Girl in the Garden | Love Will Never Be Enough | Self-Released

Local Review: Girl in the Garden – Love Will Never Be Enough

Local Music Reviews

Girl in the Garden
Love Will Never Be Enough 

Street: 05.08
Girl in the Garden = KILLWHITNEYDEAD + Every time I Die + Bleeding Through

Before going forward with my review of Salt Lake City three-piece Girl in the Garden’s Love Will Never Be Enough, I had to stop and go in reverse. This was mostly because the band’s name made me instantly think of 2004’s Shaun of the Dead, which somehow led me down an early-2000s rabbit hole with hardcore bands such as Ringworm or Vision of Disorder. Girl in the Garden have that nice feeling of old and new on the self-released Love Will Never Be Enough EP, which—as far as I am aware—is the band’s first recording. The six-song, 10-minute format makes me think about those–note the sarcasm–tiny, 3” vinyl records—the ones where I’m pretty sure you have to break your record player just to play them.

After establishing that I am (or just feel) old, I’m fairly certain that, for safety reasons, I wouldn’t want to see this trio perform. I think I’m past that desire to get a swing-kick to my head or groin. Before you ask: Yes, Girl in the Garden, both live and on record, are fine for the elderly. They definitely will hear it—that much is certain. It very much feels like that in these songs, such as on the one-and-a-half-minute “Utterly Unable,” which has those chunky-chugs and beatdowns that give you the feeling that you’re wading in muck … But wait—there’s more! The release even contains that Smarties (the candy)–sniffin’, speed-pumpin’, “Do-you-even-lift-bro?” ferocity.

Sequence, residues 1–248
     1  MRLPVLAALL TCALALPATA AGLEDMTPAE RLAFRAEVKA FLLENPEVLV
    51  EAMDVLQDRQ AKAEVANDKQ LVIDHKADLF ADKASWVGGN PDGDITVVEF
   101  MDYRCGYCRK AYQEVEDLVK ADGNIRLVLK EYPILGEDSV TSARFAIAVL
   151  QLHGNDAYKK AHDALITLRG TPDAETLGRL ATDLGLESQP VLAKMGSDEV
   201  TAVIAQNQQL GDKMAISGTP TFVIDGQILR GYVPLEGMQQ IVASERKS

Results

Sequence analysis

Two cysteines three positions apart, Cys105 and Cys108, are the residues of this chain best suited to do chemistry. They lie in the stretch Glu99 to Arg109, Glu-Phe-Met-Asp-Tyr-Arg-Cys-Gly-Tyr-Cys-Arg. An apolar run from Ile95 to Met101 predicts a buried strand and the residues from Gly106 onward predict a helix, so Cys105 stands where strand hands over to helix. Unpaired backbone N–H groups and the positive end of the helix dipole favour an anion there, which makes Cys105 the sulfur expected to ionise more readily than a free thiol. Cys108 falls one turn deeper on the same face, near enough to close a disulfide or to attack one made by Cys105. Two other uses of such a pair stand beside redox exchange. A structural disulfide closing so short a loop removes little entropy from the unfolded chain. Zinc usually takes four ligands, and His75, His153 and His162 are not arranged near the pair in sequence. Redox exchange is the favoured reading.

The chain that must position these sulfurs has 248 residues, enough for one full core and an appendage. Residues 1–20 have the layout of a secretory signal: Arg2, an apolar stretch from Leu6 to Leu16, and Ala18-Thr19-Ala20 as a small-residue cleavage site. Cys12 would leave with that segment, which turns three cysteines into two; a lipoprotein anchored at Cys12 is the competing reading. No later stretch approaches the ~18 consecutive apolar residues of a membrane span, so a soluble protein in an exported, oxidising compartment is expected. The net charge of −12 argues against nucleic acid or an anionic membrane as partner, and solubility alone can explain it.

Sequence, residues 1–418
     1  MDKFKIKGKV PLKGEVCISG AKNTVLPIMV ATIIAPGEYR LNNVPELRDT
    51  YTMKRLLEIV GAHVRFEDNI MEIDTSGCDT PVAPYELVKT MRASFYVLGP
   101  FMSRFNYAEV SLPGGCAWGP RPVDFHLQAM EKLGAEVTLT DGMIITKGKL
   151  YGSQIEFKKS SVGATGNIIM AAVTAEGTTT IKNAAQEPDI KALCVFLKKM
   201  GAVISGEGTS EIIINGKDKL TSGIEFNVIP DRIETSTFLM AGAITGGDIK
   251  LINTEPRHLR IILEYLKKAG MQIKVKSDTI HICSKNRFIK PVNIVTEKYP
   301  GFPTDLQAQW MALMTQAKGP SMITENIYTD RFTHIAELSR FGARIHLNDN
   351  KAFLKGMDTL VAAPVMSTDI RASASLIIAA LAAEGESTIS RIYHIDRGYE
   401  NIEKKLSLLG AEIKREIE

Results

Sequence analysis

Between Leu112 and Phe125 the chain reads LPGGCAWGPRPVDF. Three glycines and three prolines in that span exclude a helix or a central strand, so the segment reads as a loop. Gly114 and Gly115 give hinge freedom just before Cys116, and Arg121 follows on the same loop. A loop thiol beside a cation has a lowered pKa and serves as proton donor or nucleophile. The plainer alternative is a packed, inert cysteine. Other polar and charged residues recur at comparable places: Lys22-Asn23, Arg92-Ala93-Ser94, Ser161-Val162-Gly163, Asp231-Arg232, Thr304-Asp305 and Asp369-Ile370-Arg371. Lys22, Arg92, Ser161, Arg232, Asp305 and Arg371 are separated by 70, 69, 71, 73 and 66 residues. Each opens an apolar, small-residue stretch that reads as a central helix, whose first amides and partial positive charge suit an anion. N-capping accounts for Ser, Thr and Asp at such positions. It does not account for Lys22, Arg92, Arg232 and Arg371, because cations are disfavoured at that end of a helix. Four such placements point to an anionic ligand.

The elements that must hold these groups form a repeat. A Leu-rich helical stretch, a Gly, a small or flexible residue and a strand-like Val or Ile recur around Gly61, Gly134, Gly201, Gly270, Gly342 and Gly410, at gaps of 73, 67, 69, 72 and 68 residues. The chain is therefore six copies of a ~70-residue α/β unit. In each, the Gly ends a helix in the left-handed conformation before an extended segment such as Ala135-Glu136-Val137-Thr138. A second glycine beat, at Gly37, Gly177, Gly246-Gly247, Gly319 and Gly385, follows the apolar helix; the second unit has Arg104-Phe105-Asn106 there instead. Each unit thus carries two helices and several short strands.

I am not a genre purist—actually, I am—but on the band’s Facebook page, it lists the genre they play as “blackened hardcore.” Musically, I don’t hear any black metal bullet-belting, and just because it has a higher-pitched scream doesn’t mean it’s black metal. Just like if it has a breakdown, it’s not necessarily hardcore. Fortunately for everyone involved, this six-track, self-released work of music is of a high-quality production, alternating between crisp and ugly as needed. You can literally hear the notes’ breaks and blunts on Love Will Never Be Enough; not all releases want their notes and riffs to be heard. So get out your old records and throw them at some zombies—hands off the Batman one, though. –Bryer Wharton